The big question: There's no specific projected cost for what would be massive federal investments under the resolution.

What they're not saying: The plan is silent on whether it would impose a carbon tax. Some GND advocates have said a tax could be part of the policy — but don't see it as a central pillar.

What's next: The resolution is basically a political messaging document, so look for advocates to put more meat on its bones with legislation and papers in the coming months.

Go deeper: Read the full story here and see NPR's post of the resolution text here.

Axios' Alexi McCammond contributed to this reporting.

2. Oil chart of the day and more petro-notes

Dallas fed chart showing rig counts by region
Screenshot of chart in the Dallas Fed's February Energy Indicators report

Generate readers probably know that the Permian Basin in Texas and New Mexico is the epicenter of the U.S. shale boom.

But that chart above — via the latest edition of the Dallas Fed's Energy Indicators report — really helps to tell the story.

Where it stands: The monthly report released yesterday actually shows a leveling off in the rig count, which is one metric of industry activity, in the Permian and Eagle Ford regions, and declines elsewhere in the U.S.

And some more petro-notes...

Earnings: Via Reuters, "French energy major Total said its net adjusted profit rose 10 percent in the final quarter of 2018, lifting its full year earnings by more than a quarter after record oil and gas production."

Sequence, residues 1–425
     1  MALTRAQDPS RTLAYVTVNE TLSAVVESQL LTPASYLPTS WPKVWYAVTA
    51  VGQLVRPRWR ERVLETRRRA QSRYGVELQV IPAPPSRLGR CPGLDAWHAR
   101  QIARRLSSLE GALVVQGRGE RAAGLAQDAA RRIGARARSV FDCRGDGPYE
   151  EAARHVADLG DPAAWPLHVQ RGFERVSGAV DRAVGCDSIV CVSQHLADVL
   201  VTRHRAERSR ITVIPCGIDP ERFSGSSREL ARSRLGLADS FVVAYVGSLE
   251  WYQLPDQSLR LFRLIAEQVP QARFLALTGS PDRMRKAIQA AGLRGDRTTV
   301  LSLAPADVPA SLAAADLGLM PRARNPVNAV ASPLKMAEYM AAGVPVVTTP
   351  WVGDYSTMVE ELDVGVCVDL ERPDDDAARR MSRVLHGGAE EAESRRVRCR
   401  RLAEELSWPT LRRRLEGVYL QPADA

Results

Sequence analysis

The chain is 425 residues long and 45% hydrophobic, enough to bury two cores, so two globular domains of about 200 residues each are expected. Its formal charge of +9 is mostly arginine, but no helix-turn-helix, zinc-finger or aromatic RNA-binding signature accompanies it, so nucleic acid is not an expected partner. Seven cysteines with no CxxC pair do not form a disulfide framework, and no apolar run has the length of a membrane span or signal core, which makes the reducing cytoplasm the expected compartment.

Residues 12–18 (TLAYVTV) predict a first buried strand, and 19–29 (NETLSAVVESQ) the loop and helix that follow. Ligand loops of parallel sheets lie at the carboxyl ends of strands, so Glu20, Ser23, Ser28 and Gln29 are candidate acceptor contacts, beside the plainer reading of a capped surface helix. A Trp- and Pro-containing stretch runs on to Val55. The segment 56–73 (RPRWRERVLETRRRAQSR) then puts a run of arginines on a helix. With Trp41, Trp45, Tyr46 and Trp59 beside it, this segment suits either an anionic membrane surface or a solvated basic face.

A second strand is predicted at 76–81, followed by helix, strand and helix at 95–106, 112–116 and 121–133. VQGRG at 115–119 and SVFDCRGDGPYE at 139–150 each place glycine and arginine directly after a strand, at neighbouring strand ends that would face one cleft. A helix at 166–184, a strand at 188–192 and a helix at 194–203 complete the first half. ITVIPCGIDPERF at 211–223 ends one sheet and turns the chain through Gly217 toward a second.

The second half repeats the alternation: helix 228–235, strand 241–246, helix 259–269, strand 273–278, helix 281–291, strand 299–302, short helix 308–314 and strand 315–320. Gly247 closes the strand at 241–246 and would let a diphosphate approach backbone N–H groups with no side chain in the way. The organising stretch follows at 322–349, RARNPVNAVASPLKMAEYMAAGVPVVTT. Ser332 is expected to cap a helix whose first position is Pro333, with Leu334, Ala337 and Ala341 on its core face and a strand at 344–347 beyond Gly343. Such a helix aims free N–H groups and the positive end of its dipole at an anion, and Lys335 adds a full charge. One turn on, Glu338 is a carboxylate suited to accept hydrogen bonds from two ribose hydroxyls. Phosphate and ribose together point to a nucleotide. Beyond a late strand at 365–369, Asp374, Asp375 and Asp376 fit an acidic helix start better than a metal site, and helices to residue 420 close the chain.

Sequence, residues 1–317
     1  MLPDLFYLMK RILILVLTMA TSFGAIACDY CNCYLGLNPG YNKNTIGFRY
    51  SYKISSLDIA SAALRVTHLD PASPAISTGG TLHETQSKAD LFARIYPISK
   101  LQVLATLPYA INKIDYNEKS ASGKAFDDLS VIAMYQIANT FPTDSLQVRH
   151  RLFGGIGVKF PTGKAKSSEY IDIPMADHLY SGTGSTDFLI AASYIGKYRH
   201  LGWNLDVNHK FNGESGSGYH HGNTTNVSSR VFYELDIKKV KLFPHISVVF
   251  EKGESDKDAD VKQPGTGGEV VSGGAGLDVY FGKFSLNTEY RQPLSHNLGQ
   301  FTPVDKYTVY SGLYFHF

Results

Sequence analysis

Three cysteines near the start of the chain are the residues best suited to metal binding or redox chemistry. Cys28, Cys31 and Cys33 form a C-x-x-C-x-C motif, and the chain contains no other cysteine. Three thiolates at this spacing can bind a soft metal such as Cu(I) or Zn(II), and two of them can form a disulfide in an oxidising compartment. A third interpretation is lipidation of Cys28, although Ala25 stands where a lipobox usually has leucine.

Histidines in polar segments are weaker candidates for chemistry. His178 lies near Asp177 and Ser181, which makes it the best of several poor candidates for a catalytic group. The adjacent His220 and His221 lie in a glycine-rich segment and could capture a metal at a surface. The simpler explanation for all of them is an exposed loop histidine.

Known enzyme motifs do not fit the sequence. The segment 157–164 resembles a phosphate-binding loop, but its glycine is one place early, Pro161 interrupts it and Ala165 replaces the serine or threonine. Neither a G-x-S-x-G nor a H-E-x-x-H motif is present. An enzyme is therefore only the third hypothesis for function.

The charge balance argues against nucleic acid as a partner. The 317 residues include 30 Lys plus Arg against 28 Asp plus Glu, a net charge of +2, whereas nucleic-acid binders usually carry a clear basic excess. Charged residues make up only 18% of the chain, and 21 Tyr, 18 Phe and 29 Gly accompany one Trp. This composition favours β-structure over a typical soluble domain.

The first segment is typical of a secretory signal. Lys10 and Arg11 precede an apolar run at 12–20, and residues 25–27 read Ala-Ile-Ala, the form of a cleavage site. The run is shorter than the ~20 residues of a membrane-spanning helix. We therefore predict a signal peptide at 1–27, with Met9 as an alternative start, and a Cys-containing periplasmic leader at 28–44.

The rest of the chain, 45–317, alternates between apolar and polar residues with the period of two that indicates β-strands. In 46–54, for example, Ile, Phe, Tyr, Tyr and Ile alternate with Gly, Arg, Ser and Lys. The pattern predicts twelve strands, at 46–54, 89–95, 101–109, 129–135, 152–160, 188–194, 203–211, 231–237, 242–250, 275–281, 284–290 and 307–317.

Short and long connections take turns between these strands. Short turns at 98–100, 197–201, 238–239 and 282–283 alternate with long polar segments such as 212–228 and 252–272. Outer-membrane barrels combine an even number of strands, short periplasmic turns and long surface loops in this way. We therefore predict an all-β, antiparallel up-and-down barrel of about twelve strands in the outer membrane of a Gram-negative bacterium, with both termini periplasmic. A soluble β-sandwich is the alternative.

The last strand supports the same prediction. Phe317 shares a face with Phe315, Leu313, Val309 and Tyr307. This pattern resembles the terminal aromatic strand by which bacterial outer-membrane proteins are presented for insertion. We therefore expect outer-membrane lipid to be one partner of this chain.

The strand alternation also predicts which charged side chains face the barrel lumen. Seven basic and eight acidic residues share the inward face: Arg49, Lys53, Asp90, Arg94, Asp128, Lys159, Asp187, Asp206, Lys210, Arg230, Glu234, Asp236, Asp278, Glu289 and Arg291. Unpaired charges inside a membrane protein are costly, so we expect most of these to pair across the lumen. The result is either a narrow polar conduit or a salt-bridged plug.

Discoveries: Exxon's mammoth find off Guyana's coast just keeps growing. The company announced 2 more discoveries yesterday in the area where it has found what it estimates are over 5 billion barrels of oil-equivalent.

  • Why it matters: Guyana has emerged as a key part of Exxon's future production plans. They plan to begin producing oil there in 2020 and see output reaching over 750,000 barrels per day by 2025.
  • The Houston Chronicle writes, "The new Tilapia-1 and Haimara-1 well discoveries come in the Turbot area of what's known as the potentially prolific Stabroek Block offshore of Guyana that Exxon Mobil is exploring with its New York-based partner, Hess Corp."

Libya: Via the Wall Street Journal, "A Libyan general has seized the country’s largest oil field, according to officials, cementing control over one of the North African nation’s key economic resources and increasing the likelihood the facility will restart production."

3. Top EPA official leaves to start advocacy group

Axios' Amy Harder breaks the news that Mandy Gunasekara, who has been instrumental in crafting President Trump’s regulatory rollbacks on a range of air pollution standards, is leaving EPA to start a political advocacy group defending those policies.

Driving the news: Gunasekara, deputy assistant administrator in EPA’s air office, is sending her resignation letter to Trump on Friday, according to a copy viewed by Axios.